According to Hegel, morality emphasises the inviolability of the individual by postulating equal respect to the dignity of each individual. It also protects the web of intersubjective relations of mutual recognition by which the individual survives as a member of the community. Levinas proposes inter-subjective relations not as reciprocal but as asymmetrical relations. It is precisely in taking the other as one’s point of departure that transcendence can emerge. The non-egalitarian and interpersonal structure of ethical relations, that transcends the political order, is corrected by the requirement of equality which comes by taking into account the third party.7 In the view of Todorov, the veil of ignorance in Rawls’ theory excludes any meaningful difference from deliberation regarding justice. Behind the veil of ignorance both the other and the self are robbed of any identity.8

Kantian philosophy uses right in the sense of justice. His categorical imperative reads: “Act according to the maxim whereby you can at the same time will that it should become a universal law.” From this follows the universal imperative of duty and obligation. In his view, the formal condition under which nature can alone attain its final design, is the arrangement of relation of individual to one another which we call civil community. Only in this the greatest development of natural capacities takes place.9 In the view of Kant, it is only the public use of reason that produces enlightened people. In his view, the maxim of common human understanding is guided by think for oneself, think from the stand- point of the other and consistent thought.10 Linklater elaborates his vision of dialogic community where particular social bonds remain but they are reconstituted in the light of normative commitment to engage the systematically excluded in dialogue.11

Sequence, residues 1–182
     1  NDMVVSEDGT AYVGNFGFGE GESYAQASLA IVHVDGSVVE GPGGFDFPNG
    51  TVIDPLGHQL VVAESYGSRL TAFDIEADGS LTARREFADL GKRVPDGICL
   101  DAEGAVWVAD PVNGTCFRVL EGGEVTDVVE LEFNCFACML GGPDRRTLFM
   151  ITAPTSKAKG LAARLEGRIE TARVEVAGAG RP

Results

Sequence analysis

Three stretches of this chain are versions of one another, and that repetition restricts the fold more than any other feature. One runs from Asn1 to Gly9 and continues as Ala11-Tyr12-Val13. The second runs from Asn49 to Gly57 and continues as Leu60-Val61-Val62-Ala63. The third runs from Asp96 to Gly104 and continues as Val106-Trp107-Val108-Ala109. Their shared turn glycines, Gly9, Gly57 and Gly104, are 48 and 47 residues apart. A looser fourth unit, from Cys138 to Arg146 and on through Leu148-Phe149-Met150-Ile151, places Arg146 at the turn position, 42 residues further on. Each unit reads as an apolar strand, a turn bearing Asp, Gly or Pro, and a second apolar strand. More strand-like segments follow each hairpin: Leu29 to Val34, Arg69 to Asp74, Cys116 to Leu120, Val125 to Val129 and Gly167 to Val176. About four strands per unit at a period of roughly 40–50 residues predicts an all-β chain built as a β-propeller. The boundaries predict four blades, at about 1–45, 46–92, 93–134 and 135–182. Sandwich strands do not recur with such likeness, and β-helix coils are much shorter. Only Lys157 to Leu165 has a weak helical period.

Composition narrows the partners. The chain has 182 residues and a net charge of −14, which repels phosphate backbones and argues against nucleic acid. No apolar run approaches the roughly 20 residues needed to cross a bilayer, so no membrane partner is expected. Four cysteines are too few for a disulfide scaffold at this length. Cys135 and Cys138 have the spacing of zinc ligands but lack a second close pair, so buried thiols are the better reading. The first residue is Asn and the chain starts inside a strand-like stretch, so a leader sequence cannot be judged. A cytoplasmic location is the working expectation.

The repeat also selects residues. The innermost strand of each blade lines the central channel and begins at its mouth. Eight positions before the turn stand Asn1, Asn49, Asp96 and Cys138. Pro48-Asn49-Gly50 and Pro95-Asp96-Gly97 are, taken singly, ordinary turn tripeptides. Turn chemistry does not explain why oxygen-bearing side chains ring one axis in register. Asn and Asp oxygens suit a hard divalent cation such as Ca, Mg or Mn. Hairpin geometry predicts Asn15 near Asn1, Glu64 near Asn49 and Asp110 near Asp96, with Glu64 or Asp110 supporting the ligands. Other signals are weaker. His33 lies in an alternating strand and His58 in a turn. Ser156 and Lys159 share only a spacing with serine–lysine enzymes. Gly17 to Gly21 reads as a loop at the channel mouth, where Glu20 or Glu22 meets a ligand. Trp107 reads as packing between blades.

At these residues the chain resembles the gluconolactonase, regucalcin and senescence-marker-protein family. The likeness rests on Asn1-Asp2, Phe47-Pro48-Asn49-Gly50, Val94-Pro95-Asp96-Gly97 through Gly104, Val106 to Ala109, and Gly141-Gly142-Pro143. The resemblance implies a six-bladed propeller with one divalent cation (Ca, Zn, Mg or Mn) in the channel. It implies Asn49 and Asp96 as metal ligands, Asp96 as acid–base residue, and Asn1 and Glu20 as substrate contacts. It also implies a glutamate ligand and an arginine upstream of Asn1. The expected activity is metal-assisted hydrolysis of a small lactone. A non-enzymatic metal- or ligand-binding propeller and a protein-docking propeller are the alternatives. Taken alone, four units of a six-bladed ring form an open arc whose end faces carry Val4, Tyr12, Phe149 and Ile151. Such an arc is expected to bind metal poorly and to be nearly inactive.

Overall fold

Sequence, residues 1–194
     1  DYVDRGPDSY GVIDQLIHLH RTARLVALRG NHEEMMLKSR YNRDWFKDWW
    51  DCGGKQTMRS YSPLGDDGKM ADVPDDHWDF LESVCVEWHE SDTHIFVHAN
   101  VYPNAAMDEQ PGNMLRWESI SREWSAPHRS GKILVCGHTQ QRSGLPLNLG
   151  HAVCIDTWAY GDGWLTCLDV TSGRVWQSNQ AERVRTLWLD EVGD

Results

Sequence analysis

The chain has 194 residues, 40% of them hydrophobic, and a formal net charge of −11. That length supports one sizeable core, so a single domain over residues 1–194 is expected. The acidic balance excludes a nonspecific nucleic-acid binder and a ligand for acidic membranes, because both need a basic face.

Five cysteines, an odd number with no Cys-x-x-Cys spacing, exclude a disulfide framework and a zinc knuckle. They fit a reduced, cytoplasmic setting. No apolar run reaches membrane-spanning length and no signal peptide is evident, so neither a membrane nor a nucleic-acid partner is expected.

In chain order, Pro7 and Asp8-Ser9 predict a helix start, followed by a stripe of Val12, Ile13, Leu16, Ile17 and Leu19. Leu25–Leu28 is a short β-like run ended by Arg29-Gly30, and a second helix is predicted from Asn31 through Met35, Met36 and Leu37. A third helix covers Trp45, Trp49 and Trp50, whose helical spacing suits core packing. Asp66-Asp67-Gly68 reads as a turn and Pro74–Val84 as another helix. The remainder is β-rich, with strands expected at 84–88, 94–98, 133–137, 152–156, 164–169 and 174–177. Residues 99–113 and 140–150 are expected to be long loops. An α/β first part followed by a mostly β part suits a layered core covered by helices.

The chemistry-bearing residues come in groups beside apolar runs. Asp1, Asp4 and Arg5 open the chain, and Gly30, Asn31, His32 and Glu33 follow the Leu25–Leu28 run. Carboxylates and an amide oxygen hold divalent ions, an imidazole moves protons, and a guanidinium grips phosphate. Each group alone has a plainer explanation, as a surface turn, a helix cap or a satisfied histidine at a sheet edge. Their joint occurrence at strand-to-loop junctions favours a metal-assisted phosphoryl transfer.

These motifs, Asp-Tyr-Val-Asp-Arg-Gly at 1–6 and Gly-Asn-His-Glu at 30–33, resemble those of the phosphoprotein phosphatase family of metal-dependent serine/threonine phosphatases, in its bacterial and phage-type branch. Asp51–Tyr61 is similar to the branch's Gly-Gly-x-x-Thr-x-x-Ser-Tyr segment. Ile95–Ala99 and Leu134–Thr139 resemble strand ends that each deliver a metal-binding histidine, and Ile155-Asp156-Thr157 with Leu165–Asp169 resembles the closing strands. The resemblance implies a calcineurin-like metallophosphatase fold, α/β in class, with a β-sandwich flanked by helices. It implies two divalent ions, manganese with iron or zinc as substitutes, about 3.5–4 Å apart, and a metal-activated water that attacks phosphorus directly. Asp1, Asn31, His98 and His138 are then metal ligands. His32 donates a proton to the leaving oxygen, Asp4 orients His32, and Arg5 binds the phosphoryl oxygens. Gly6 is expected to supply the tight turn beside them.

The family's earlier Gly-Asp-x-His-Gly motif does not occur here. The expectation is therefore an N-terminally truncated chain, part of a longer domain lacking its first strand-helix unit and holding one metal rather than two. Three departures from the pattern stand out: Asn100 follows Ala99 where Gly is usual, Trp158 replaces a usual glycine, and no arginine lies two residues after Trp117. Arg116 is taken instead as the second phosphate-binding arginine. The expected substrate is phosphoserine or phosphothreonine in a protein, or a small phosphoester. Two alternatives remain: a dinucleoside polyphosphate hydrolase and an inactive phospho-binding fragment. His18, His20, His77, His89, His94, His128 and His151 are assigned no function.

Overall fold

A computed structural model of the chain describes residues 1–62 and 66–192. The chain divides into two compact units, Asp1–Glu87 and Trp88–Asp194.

Ethic has a chance of being ethical only in becoming. In the view of Derrida, ethic is essentially pervertible and that pervertible is the positive condition of all positive values (the good, just so on) ethics enjoy to seek. Justice is the undeconstructible condition of deconstruction and it seems that this must have some ethical resonance if it is to be intelligible to the discourse of rights. Human political community differentiates from animal community through reasoned deliberation than simple devotion to common good. The end of antagonism is the end of politics. We must create a dialogue between modernism and post-modernism to enrich ethical reasoning on human rights by making the question of reasoned deliberation central to justice and otherness. Deliberation is possible in the political sphere. Otherness can only be constituted outside the ethical reasoning on human rights. n


1. John Charvet, A Critique of Freedom and Equality, Cambridge: Cambridge University Press, 1981.
2. Richard Shapcott, ‘Beyond the Cosmopolitan/Communitarian Divide: Justice, Difference and Community in International Relations’ in Value Pluralism, Normative Theory and International Relations, edited by Maria Lensu and Jan-Stefan Fritz, London: McMillan Press, (c) 2002.
3. Chantal Mouffe, The Democratic Paradox, London: Verso, 2000, p. 18.
4. Ibid., p. 20.
5. Ibid., p. 20.
6. Jurgen Habermas, Moral Consciousness and Communicative Action, translated by Christian Lenchrdt and Shierry Weber Nicholsen, Blackwell Publishers, Polity Press 1990, p. 108.
7. Emmanuel Levinas, Alterity and Transcendence, translated by Michael B. Smith, London: The Alhone Press, 1999.
8. Richard Shapcott, ‘Beyond the Cosmopolitan/Communitarian Divide: Justice, Difference and Community in International Relations’ in Value Pluralism, Normative Theory and International Relations, edited by Maria Lensu and Jan-Stefan Fritz, London: McMillan Press, (c) 2002.
9. Mark F. N. Franke, ‘Immanuel Kant and the (lm) possibility of International Relations Theory’, Alternative 20, 1995, p. 279-322.
10. Onora O’ Neill, Construction of Reason, Cambridge: Cambridge University Press, 1989, pp. 31-35.
11. Moly Cochran, Normative Theory in International Relations, Cambridge: Cambridge University Press, 1999, pp. 78-118.